Biden Will Now Receive President's Daily Brief, Which Includes Information on Intelligence, Military Operations

President-elect Joe Biden will now receive daily briefings with updates concerning national security, a White House official confirmed to Newsweek.

The White House formally granted Biden access to the classified documents, known as the President's Daily Brief, on Tuesday. Its authorization followed weeks of stalled transition efforts, including reluctance, on the part of President Donald Trump's administration, to share intelligence information with his expected successor.

The President's Daily Brief is a per diem synopsis and analysis of national security issues distributed to only a handful of federal officials and advisers, in addition to the president and vice president. It holds "some of the Nation's most sensitive information," according to a description shared by the Office of the National Intelligence Director, which produces and delivers the brief.

It incorporates contributions from the Central Intelligence Agency (CIA) and various arms of the U.S. intelligence community (IC). The IC encompasses 17 intelligence organizations, including the Defense Intelligence Agency, National Security Agency and various others within the Department of Defense.

A spokesperson from the Office of the Director of National Intelligence (ODNI) confirmed to Newsweek it will begin to distribute the President's Daily Brief to Biden, with the White House's clearance.

"Following the statutory direction of the Presidential Transition Act, ODNI will provide requested support to the transition team. This afternoon, the White House approved ODNI to move forward with providing the PDB as part of the support to the transition," the spokesperson said in a statement.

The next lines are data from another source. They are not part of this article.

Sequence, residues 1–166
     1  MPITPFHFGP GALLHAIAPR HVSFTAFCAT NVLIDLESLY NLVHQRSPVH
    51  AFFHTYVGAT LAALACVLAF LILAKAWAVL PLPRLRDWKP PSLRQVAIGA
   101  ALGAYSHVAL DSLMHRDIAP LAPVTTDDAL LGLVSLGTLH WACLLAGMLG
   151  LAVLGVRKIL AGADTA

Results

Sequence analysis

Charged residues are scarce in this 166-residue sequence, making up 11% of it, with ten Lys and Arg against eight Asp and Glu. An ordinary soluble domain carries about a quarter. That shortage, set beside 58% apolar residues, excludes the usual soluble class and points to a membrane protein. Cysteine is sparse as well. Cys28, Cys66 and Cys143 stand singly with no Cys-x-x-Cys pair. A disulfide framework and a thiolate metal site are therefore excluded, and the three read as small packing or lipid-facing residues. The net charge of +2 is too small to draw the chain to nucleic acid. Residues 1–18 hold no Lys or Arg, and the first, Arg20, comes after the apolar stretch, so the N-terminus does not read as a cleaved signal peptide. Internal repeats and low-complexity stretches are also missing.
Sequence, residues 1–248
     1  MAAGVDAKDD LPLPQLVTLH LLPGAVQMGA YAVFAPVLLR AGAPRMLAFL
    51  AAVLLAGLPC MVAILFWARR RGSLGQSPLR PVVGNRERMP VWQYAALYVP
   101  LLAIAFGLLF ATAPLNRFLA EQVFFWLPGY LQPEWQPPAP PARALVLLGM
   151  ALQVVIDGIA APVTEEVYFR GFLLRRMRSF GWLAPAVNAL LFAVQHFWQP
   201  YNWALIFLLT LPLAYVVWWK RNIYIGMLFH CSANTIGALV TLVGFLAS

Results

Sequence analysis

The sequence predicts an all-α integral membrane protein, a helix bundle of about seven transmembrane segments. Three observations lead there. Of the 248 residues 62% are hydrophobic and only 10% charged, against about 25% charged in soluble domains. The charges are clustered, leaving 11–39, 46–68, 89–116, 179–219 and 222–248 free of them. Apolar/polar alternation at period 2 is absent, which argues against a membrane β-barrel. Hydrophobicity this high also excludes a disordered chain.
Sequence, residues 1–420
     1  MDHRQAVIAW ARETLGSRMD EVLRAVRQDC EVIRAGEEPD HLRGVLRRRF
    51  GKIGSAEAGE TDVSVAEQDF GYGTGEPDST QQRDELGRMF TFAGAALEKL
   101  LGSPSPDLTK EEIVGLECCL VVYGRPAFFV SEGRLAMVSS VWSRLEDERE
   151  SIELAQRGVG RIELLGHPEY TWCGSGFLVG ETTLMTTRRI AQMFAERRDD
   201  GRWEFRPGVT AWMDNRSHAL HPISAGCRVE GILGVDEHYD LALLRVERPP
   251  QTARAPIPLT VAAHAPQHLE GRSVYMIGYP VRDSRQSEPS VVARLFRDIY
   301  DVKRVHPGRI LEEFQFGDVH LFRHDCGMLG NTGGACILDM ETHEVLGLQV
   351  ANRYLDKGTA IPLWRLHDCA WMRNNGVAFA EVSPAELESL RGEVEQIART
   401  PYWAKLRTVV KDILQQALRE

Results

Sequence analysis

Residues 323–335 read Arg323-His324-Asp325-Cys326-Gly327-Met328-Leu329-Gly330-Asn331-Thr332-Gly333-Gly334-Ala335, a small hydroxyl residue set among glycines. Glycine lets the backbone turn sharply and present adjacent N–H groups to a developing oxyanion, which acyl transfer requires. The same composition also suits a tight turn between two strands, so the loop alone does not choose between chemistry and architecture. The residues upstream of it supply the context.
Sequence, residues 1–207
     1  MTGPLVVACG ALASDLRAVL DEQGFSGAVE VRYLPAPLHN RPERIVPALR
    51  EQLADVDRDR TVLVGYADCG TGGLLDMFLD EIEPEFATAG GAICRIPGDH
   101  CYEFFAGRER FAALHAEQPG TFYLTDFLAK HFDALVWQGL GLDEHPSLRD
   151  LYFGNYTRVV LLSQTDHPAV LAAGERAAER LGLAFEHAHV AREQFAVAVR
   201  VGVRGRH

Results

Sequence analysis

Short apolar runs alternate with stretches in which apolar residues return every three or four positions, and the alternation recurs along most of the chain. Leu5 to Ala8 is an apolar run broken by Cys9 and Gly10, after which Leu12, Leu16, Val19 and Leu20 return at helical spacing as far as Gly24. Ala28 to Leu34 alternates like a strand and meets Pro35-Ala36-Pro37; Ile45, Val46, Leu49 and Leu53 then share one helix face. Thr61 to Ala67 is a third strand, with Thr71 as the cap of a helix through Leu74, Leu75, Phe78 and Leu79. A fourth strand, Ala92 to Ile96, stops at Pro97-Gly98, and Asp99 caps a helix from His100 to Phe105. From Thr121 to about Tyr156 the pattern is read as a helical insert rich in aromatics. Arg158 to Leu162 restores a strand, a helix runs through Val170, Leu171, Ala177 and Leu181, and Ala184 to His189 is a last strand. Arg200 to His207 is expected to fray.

The Presidential Transition Act allocates funding and resources to support an "orderly transfer of power" between administrations.

Biden's authorization to receive the brief came on the same day he announced key cabinet picks and additional members of his upcoming administration's national security team. On Monday, the President-elect named Avril Haines as his appointee to replace John Ratcliffe as national intelligence director. Haines formerly served as the first female deputy director at the CIA, and will become the first woman elected to this position as well, once confirmed.

Joe Biden
President-elect Joe Biden addresses reporters following an announcement in Wilmington, Delaware, on November 24, unveiling appointees to key national security and foreign policy positions within his incoming administration. The White House granted Biden access to the President's Daily Brief on Tuesday, a classified set of documents containing sensitive information and analysis from various intelligence communities. Mark Makela/Getty

Trump, the sitting president, has yet to expressly concede the presidency to Biden, even as states proceed with their election certification processes and the Democrat's win becomes exceedingly incontrovertible. On Tuesday, Pennsylvania confirmed results of its widely anticipated certification, which Trump's legal team endeavored to block, for Biden, giving the state's coveted 20 electoral votes to the former vice president.

Trump did, however, take a significant step in what many perceived to be the beginnings of acceptance at the start of this week, saying he recommended that General Services Administration chief Emily Murphy "do what needs to be done with regard to initial protocols" in terms of facilitating Biden's transition. Murphy officially declared Biden the President-elect and authorized the launch of his transition into office in a letter issued Monday.

...fight, and I believe we will prevail! Nevertheless, in the best interest of our Country, I am recommending that Emily and her team do what needs to be done with regard to initial protocols, and have told my team to do the same.

— Donald J. Trump (@realDonaldTrump) November 23, 2020

In subsequent tweets, Trump continued to cite unproven claims that fraudulent election procedures were behind Biden's projected victory, and again emphasized his opposition to a concession.

"Will never concede to fake ballots," he wrote, in a message flagged by Twitter for unsubstantiated and "disputed" statements about election fraud.

Newsweek reached out to the Biden-Harris transition team for comment but did not receive a reply in time for publication.

This story was updated at 5:56 p.m. to include a statement from the Office of the Director of National Intelligence.